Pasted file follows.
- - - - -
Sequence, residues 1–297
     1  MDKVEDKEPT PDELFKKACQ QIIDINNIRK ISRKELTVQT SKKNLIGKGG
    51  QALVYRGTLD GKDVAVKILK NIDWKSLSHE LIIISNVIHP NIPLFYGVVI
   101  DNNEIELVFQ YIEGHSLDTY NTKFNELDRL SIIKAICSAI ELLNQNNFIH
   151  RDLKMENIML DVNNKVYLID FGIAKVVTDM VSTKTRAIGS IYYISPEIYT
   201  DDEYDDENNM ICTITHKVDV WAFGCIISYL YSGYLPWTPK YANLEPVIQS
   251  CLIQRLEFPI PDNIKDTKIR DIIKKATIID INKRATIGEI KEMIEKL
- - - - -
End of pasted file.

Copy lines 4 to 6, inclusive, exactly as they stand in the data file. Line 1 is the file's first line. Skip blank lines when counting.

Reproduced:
   101  DNNEIELVFQ YIEGHSLDTY NTKFNELDRL SIIKAICSAI ELLNQNNFIH
   151  RDLKMENIML DVNNKVYLID FGIAKVVTDM VSTKTRAIGS IYYISPEIYT
   201  DDEYDDENNM ICTITHKVDV WAFGCIISYL YSGYLPWTPK YANLEPVIQS